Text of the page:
Genetic risk factors for pediatric-onset multiple sclerosis

for the Network of Pediatric Multiple Sclerosis Centers

Research output: Contribution to journalArticle

8 Citations (Scopus)

Abstract

Background: Strong evidence supports the role of both genetic and environmental factors in pediatric-onset multiple sclerosis (POMS) etiology. Objective: We comprehensively investigated the association between established major histocompatibility complex (MHC) and non-MHC adult multiple sclerosis (MS)-associated variants and susceptibility to POMS. Methods: Cases with onset <18 years (n = 569) and controls (n = 16,251) were included from the United States and Sweden. Adjusted logistic regression and meta-analyses were performed for individual risk variants and a weighted genetic risk score (wGRS) for non-MHC variants. Results were compared to adult MS cases (n = 7588). Results: HLA–DRB1*15:01 was strongly associated with POMS (odds ratio (OR)meta = 2.95, p < 2.0 × 10−16). Furthermore, 28 of 104 non-MHC variants studied (23%) were associated (p < 0.05); POMS cases carried, on average, a higher burden of these 28 variants compared to adults (ORavg = 1.24 vs 1.13, respectively), though the difference was not significant. The wGRS was strongly associated with POMS (ORmeta = 2.77, 95% confidence interval: 2.33, 3.32, p < 2.0 × 10−16) and higher, on average, when compared to adult cases. Additional class III risk variants in the MHC region associated with POMS were revealed after accounting for HLA–DRB1*15:01 and HLA–A*02. Conclusion: Pediatric and adult MS share many genetic variants suggesting similar biological processes are present. MHC variants beyond HLA–DRB1*15:01 and HLA–A*02 are also associated with POMS.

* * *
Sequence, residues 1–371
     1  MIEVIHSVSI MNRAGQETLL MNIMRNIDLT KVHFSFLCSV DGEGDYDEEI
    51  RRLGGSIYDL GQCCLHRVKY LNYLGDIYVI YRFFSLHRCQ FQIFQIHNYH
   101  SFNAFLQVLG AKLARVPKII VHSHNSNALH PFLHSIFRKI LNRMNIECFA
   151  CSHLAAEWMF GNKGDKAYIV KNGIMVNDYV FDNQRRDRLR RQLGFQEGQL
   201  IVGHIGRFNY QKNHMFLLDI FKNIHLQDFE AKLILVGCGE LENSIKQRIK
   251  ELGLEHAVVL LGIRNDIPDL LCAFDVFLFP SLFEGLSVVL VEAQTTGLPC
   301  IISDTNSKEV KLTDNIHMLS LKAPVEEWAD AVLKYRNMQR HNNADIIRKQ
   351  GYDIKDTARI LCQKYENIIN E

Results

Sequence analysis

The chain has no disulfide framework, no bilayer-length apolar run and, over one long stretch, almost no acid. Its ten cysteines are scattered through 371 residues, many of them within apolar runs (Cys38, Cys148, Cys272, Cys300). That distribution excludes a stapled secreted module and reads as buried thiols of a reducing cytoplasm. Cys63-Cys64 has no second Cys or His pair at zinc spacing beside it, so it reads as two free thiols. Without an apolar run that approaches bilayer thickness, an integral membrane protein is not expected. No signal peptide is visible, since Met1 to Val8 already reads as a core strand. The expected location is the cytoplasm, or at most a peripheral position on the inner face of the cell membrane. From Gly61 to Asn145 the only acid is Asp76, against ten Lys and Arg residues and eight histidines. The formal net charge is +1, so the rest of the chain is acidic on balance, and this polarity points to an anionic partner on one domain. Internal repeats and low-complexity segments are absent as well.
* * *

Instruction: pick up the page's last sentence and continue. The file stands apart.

Original languageEnglish (US)
JournalMultiple Sclerosis Journal
DOIs
StateAccepted/In press - Oct 1 2017

Fingerprint

Multiple Sclerosis
Pediatrics
Major Histocompatibility Complex
Biological Phenomena
Sweden
Meta-Analysis
Logistic Models
Odds Ratio
Regression Analysis
Confidence Intervals

Keywords

  • epidemiology
  • genetics
  • Multiple sclerosis
  • pediatrics

ASJC Scopus subject areas

  • Neurology
  • Clinical Neurology

Cite this

Genetic risk factors for pediatric-onset multiple sclerosis. / for the Network of Pediatric Multiple Sclerosis Centers.

In: Multiple Sclerosis Journal, 01.10.2017.

Research output: Contribution to journalArticle

for the Network of Pediatric Multiple Sclerosis Centers. / Genetic risk factors for pediatric-onset multiple sclerosis. In: Multiple Sclerosis Journal. 2017.
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title = "Genetic risk factors for pediatric-onset multiple sclerosis",